June 1, 2012
Russian President Vladimir Putin says his country is not supplying arms to the Syrian government to use against opponents. U.S. Secretary of State Hillary Clinton says Russian arms sales to Syria are of “serious concern” and could lead to civil war.
President Putin told German Chancellor Angela Merkel that Russia does not support any side in what he called an “extremely dangerous” situation in Syria. Following talks in Berlin, he said Russia “does not provide weapons that could be used in a civil conflict.”
The Russian government has long defended its continuing arms sales to Damascus, saying President Bashar al-Assad’s forces have the right to protect themselves against rebels that Damascus says are being supplied by Qatar and Saudi Arabia.
Secretary of State Clinton says Russian arms have helped President Assad withstand international pressure to step down after 15 months of violence.
“We know that there has been a very consistent arms trade even during this last year of violence in Syria coming from Russia to Syria. We also believe that the continuing supply of arms from Russia has strengthened the Assad regime,” said Clinton. “What those arms are being used for we can not speak with any accuracy. But the fact that Russia has continued to sustain this trade in the face of the efforts by the international community to impose sanctions and to prevent further arms flowing to the Assad regime and in particular the Syrian military has raised serious concerns on our part.”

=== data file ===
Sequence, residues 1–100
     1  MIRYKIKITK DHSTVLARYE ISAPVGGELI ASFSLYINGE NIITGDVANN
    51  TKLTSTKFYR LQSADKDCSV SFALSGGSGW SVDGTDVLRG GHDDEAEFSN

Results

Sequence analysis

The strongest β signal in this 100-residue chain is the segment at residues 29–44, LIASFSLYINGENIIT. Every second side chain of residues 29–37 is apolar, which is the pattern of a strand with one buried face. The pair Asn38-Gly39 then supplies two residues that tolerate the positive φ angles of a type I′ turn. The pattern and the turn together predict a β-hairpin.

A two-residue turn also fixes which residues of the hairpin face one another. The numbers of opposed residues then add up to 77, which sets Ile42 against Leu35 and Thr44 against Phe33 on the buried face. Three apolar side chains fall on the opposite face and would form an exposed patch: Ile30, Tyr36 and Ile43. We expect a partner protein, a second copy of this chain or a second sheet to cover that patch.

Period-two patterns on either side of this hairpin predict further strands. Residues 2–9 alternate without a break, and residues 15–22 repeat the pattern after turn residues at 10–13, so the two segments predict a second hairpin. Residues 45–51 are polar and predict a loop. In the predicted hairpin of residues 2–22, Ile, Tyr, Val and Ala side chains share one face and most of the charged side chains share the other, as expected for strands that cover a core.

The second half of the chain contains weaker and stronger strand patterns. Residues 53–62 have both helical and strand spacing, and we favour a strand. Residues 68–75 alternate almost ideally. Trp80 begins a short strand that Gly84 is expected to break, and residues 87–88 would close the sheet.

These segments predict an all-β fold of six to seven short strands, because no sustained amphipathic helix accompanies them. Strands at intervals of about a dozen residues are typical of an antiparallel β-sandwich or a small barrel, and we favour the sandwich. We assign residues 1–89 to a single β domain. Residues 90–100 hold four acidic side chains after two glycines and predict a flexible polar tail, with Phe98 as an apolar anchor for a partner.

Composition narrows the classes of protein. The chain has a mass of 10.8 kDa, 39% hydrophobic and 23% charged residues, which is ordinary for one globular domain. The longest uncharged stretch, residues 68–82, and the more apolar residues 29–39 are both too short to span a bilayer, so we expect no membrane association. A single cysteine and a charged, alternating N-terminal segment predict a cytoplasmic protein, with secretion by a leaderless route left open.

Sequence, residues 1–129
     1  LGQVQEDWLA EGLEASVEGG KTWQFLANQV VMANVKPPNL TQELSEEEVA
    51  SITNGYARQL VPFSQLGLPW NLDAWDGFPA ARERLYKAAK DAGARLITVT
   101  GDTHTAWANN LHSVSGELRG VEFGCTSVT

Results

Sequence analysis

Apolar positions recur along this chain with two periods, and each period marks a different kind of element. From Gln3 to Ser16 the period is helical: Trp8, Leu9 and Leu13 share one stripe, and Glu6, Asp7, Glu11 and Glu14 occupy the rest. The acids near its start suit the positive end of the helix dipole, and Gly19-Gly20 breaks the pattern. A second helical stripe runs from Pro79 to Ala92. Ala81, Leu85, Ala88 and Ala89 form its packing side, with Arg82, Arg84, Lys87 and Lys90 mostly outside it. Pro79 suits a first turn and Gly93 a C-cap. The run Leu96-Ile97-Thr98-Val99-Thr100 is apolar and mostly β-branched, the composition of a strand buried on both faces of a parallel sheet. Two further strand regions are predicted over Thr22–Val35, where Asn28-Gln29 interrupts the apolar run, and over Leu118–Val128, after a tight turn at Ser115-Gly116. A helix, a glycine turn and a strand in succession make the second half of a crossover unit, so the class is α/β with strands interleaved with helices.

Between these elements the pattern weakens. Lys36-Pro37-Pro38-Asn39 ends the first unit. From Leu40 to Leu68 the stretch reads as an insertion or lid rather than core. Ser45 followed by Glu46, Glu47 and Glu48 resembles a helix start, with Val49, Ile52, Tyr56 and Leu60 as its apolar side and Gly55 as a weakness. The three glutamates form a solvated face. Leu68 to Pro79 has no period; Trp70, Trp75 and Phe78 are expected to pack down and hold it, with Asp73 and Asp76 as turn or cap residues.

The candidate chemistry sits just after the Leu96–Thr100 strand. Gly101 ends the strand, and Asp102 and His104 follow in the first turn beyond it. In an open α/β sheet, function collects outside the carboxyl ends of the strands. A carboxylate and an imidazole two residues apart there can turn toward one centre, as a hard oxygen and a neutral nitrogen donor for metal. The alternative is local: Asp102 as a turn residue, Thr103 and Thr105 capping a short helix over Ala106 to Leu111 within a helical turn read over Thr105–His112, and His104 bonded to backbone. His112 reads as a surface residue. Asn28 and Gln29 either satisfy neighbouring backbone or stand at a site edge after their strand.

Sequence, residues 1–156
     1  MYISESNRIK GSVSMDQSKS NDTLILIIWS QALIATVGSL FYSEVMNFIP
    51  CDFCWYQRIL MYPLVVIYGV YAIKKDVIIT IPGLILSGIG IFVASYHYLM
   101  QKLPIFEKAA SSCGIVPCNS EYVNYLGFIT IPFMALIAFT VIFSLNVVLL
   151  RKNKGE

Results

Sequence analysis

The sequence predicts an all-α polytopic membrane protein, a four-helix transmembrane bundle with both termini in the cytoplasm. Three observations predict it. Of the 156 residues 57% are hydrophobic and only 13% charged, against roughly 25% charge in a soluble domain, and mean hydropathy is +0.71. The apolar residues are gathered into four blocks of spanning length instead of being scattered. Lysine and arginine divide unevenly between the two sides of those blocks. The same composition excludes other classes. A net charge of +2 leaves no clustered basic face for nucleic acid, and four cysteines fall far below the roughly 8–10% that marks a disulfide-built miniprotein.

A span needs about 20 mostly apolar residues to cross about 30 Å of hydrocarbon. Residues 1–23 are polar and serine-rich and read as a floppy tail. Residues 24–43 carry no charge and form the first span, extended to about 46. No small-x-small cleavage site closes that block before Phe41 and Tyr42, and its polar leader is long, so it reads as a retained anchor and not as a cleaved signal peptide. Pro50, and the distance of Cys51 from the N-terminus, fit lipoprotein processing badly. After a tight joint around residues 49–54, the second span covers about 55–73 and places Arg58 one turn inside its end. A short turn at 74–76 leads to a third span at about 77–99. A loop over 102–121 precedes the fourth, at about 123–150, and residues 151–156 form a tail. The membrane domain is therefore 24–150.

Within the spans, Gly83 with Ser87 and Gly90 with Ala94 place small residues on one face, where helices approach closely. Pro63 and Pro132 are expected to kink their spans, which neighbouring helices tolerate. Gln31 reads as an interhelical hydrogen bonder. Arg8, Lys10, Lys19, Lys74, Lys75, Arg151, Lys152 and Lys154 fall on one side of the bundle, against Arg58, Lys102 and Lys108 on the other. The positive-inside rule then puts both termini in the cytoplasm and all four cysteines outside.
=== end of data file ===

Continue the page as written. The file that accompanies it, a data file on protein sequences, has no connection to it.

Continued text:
Chancellor Merkel says she and President Putin both favor a political solution, with the work of U.N. and Arab League envoy Kofi Annan as a starting point. President Putin said he believes it is possible that Mr. Annan’s mediation can work, but it requires what he calls “a certain level of professionalism and patience” warning that “nothing should be done with force and be expected to have an instant effect.”
Secretary Clinton discussed the conflict in Syria with Norwegian government officials in Oslo Friday. She says “very strong opposition” from Russia is making it harder to put together an international coalition against President Assad.
“Their position of claiming not to take a position is certainly viewed in the Security Council, in Damascus, and elsewhere as a position supporting the continuity of the Assad regime,” said Clinton. “And if Russia is prepared, as President Putin’s remark seems to suggest, to work with the international community to come together to plan a political transition, we will certainly be ready to cooperate.
She says the United States is looking forward to finding a way to work with Russia to end the violence and support the Annan plan. Without Russian support, she says, Mr. Annan can not expand his mandate to push Damascus to confront what she calls terrible dangers in Syria.
This article first appeared on VOA News.